This is a story from the FSF archive – the FSF and SD merged to become the FSA in 2019.
Welcome to another instalment of Extra Time, and before we get into the usual time-wasting of amazing goals, slapstick defending and general comedy from the world of football, we feel it’s only right to do a bit of a public service announcement. With the start of the new season almost upon us, we feel we should remind you that football can be a painful business, even for the fan. We’re not talking stress and heartache, we’re talking very real pain. Just ask this German fan.
On the pitch, footballers continue to be their usual ridiculous selves – (fat) Ronaldo shows us that even when you’re a former world player of the year, it doesn’t mean you necessarily know how to take a free-kick. And while that might’ve been embarrassing for the big man, at least he can dress himself. Our pals at OffThePost found this clip from the Japanese leagues of someone who clearly still needs his mother to check what he’s wearing before he leaves the house (or the dressing room, in this case), as Marquinhos has taken to the pitch with his shorts inside out, much to the hilarity of his team-mate.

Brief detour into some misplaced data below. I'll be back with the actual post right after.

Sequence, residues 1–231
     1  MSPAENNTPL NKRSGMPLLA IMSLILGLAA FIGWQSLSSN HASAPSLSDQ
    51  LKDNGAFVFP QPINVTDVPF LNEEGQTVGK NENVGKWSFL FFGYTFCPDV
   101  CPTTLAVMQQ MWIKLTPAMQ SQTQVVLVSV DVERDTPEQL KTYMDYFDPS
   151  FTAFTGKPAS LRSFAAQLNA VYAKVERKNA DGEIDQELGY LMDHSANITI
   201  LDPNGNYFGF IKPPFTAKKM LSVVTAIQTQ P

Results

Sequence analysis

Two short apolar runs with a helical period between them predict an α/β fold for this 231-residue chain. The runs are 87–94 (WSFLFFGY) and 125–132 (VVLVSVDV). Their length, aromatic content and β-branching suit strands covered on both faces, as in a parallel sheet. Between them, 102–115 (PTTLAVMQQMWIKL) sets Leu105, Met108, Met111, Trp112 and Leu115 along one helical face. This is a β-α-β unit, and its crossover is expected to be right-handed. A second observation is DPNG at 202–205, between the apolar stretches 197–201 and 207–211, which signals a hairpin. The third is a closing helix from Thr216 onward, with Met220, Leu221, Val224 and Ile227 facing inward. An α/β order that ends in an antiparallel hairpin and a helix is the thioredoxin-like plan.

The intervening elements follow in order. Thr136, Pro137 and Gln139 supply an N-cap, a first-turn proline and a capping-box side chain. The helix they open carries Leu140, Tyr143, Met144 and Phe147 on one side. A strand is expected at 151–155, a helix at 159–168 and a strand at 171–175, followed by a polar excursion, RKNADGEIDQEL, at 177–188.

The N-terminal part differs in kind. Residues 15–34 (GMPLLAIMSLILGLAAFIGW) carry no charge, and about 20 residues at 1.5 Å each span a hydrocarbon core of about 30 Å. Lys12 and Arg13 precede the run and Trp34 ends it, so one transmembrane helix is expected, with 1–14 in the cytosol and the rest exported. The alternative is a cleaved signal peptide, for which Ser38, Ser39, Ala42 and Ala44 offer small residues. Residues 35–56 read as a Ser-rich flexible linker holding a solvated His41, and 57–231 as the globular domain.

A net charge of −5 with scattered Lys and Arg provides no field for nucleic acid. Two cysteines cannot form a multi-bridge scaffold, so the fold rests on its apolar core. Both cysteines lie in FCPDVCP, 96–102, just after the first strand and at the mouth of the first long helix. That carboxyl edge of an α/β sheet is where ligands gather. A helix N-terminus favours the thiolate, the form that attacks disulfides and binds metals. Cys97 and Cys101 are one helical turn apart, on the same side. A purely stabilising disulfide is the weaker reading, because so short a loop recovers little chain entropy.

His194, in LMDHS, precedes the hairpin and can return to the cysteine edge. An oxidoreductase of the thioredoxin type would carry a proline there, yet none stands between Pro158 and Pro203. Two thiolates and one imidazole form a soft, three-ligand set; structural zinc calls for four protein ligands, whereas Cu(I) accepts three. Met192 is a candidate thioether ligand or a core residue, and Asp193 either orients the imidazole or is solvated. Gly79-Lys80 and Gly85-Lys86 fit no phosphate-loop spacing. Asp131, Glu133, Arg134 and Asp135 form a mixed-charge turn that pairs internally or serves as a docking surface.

From shorts to short tempers, and Mexico boss Javier Aguirre. Here he shows rare leadership from the dugout, by trying to tackle the opposition winger as he runs in front of him. Makes Martin O’Neill’s sending off in the Peace Cup pre-season friendly look pretty tame, actually.
Elsewhere, it’s not just the ridiculous that’s been catching our eyes this month – some people say that great football can be a work of art, but this guy takes that idea a bit too literally. He turns an elephant into Pele. Yes, you read that right. Now watch the clip and it’ll all make sense. On the pitch, there’s not much we can say about this goal from Falcao, apart from no, it’s not THE Falcao, but it’s a fantastic piece of skill nonetheless.
As debates rage around the nation’s statuary, Plymouth Argyle fans are fighting to get one of their greatest players honoured. Here Matt Tiller tells us about the Jack Leslie Campaign, a movement to get a pioneering black player recognised at Home Park…
Whether you’re looking for an outlet for some creativity, catching up on homeschooling or getting the kids ready for the return to school in September, our workbook aimed at KS3+ age children could be what you’re after, and there’s a little bonus in the shape of our prize draw.
Sustain The Game! is the FSA’s campaign to persuade the football authorities to take measures to protect the existence of our clubs – and it’s more important than ever with so many under threat because of the financial strains caused by COVID-19.